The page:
Driving down around the point, I stopped where I could look out from my truck’s window and take in the lower end of Friendship Harbor. There my old F/V Pescadero now tugged on someone else’s mooring painter and still a little upon my soul seeing her there. Now retired, I recall the many lobsters that have passed over the Pescadero’s washboards.

I think as well about the future of lobster fishing in Maine and how warming and acidifying waters might affect the industry. Will other fishermen have to share this experience of looking out over their harbors feeling the loss of being idled before their time?

I have often felt like a triple poster boy for clean air and water: My concerns for the health and well-being of the lobster industry, the overriding health of the ocean itself, and my daily battle with chronic-obstructive pulmonary disease all have converged to make me acutely aware that they share a single foe in the burning of fossil fuels and the polluting of our atmosphere.

[Maine lobstermen know the threat posed by climate change. Now is the time to act.]

Maine’s lobster industry, realizing we are dependent on a healthy ocean as well as an abundance of lobsters, has a long established heritage of conservation and has made choices over time that helped create a fishery that is flourishing while others are not. Our good management decisions could well be an example to decision-makers who mistakenly believe that momentary gain from relaxation of environmental regulations somehow benefits us in the long run. Working in the natural world, fishermen realize that a healthy environment and its resources feed our economy.

As fishermen we’ve seen how lobster change in their molts and life cycles, as well as in their migrations and abundance. We’ve seen economically important species disappear and the anomalous or the invasive species show up. We’ve seen the toxic algal blooms, fish die-offs and fishery closures. We’ve fished through the warming and the increases in severe weather.

But fishermen are not the only ones witnessing changes. Anyone spending time outside, be they hunters, gardeners or the linemen who helped restore our electricity after the recent windstorm, know of and could speak to changes they’ve seen. Nor are lobsters the only species with special iconic connections to Maine that might be in jeopardy. From moose to puffins, there is a long list of species whose habitat are already at the lower portion of their range and hang in the balance. We who have spent time in their environment intuitively sense the fragility of their existence, and it serves to kick-in that heritage of conservation within us.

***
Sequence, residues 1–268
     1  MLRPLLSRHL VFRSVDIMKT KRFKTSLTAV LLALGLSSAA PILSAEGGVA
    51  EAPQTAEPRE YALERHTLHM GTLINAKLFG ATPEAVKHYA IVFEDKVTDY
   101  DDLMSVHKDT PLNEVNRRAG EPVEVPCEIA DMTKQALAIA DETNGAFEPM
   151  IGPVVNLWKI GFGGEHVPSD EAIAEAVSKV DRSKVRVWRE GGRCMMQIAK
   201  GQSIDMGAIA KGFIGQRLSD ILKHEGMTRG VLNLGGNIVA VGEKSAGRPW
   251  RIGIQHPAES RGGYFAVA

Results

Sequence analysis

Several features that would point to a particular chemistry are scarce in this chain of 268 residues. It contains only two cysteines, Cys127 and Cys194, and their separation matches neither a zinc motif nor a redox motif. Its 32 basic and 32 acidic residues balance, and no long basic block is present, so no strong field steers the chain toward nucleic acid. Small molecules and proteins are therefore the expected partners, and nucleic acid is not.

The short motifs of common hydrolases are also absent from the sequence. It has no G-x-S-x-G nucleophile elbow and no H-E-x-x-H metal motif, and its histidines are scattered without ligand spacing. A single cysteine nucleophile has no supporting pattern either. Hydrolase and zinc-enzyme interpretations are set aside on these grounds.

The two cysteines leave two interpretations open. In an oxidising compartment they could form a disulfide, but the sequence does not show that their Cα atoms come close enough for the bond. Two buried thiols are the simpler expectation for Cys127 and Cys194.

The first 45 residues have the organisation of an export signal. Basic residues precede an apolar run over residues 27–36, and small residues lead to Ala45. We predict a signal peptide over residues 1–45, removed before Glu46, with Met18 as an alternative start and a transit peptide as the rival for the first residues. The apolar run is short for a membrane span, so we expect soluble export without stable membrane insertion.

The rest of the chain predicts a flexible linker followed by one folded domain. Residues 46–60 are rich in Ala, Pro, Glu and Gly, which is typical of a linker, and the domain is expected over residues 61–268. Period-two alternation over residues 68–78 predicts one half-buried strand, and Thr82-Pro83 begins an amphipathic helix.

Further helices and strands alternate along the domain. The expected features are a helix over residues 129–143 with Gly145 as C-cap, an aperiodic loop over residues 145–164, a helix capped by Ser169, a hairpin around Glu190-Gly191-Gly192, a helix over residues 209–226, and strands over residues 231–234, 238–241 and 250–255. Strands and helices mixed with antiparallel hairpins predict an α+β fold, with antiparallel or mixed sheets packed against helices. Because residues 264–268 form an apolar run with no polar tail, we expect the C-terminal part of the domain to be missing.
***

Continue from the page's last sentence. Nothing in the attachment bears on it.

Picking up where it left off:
We find ourselves facing environmental challenges beyond our localized control and more complex than our management systems can affect. We must now reach out to those responsible for bringing about the carbon policies that will enable us to maintain healthy oceans, forests and resources on which we depend. We need to choose a direction on environmental issues that will lead us forward and not have us stumbling back into the past.

[Trump’s climate change denial is bad news for Maine’s lobster fishery]

The present administration has chosen to take us backward. The Environmental Protection Agency’s draft strategic plan navigates an extremely dangerous course, refusing to recognize the threats of climate change and all it entails. The administration appears bent on reversing our progress on clean water and air, as well as gains not yet realized, trying to halt vehicle emissions standards from which we’ve all benefited and eliminating the Clean Power Plan, an EPA program that would reduce power plant emissions by 32 percent over 2005 levels. On top of this, the administration has announced plans to expand offshore oil drilling in U.S. waters, including the Atlantic coast.

One can only stop and ask why? What we need is a government that looks to our environmental, economic and physical well-being. What we don’t need is to accelerate conditions that might make Maine hard for us all to recognize.

Richard Nelson has fished for lobster for more than 30 years. He is a member of the Maine Ocean Acidification Commission and the Maine Regional Ocean Planning Advisory Group. He lives in Friendship.

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